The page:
Building a millennial friendly workplace is many times the goal, but rarely done well. Building that kind of environment along with a leadership structure that encourages and empowers millennials to grow is even more difficult. Today Illinois rockstars with Nia Tate's and Katie Rose Postelle.
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Disclaimer: This transcript was created using YouTube’s translator tool and that may mean that some of the words, grammar, and typos come from a misinterpretation of the video.
The Transcript - Millennial Friendly Workplace Culture
Hey, this is Amanda Hammett and this is the millennial Rockstars podcast.
Katie Rose: Hi, my name's Katie Rose Postelle. We just got to talk on the millennial rock star podcast so you can check it out.
Amanda Hammett: Hey there. I'm known as the millennial translator because I help companies attract, retain, and engage top millennial talent. And speaking of top millennial talent today on the millennial Rockstar podcast, we have not one but two Rockstars. Can you see that two rocks are looking at them. They're rock stars. So, um, I will be very, very honest with you. I to be on this show, you've got to be nominated by a boss or a current or former boss or maybe even a coworker. So I know the CEO of communicating USA very well. Shawnee. God One, she is a fantastic woman and I was with Shawnee and her right hand Stephanie one day and I was like, Hey, I need some Illinois rockstars and I want to interview them. And immediately they came up with these two ladies right here. So today we have Nia Tate's and Katie Rose Postelle. Hi Ladies. Well, I am super excited to get to know you guys today and I know that the audience is as well. So Nia, why don't you kick us off, tell us a little bit about you.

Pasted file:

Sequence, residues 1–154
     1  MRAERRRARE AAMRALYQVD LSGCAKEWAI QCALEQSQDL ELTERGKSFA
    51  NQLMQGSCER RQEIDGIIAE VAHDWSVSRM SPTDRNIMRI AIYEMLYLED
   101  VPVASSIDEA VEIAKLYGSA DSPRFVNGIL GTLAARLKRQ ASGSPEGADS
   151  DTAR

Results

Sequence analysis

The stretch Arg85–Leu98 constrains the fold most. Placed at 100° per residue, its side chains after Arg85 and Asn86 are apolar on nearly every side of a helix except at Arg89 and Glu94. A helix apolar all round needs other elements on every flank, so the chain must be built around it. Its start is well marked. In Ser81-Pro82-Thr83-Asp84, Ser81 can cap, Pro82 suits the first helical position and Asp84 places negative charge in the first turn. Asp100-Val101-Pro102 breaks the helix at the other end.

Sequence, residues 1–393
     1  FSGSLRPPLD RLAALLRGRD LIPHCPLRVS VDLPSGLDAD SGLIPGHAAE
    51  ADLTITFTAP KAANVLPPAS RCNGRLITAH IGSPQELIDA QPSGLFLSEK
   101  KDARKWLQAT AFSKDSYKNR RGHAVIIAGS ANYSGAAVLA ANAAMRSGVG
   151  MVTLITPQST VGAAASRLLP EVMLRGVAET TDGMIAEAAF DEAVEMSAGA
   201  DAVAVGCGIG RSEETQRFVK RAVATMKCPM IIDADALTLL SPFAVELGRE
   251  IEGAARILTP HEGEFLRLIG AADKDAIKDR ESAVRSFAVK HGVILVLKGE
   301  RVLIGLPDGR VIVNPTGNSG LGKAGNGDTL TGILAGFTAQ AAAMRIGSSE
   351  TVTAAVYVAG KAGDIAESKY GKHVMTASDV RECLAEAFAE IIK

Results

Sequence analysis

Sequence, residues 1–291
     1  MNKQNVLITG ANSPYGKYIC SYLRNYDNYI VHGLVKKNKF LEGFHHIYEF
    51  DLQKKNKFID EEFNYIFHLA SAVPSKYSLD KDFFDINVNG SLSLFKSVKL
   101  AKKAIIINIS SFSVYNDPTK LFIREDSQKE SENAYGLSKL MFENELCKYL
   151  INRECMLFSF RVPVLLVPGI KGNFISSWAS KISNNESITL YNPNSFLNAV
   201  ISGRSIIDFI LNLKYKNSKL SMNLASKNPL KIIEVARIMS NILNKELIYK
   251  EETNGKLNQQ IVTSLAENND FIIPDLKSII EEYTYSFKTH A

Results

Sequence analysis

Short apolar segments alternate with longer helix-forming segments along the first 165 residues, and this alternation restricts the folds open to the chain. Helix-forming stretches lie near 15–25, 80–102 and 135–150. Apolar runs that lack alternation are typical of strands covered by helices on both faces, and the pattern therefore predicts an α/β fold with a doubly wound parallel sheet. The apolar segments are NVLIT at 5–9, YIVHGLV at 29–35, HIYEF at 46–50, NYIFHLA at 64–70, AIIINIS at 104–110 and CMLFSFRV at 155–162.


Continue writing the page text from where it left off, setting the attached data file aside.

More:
Nia Tate: Yeah. So my name is Nia Tate. I was born and raised in Atlanta, Georgia. I live here. I love it, absolutely love it. But we have enough people. So
Nia Tate: yeah. Uh, I went to Georgia State University, studied marketing, marketing, now we're in the market, so it's really fun just to learn all about the field and especially I communicate.
Amanda Hammett: And what about you, Katie Rose, tell us about you.
Katie Rose: Oh, my journey has been a little more convoluted. I grew up in Orlando, Florida, went to school in Virginia and got my degree in English and have since lived in Georgia as well as Texas and took some time traveling but did not know I would end up in marketing, but I've ended up loving it, especially working with communicate married and have a five-month-old baby girl
Amanda Hammett: and um, right. So I'm going to switch it up and since this is a different interview format, because usually you know, it's just one person. So I'm going to ask you guys to tell us a little bit about your career path. So Katie rose, let's actually start with you. Tell us a little bit about how you went from being an English major in Virginia to working in marketing. No,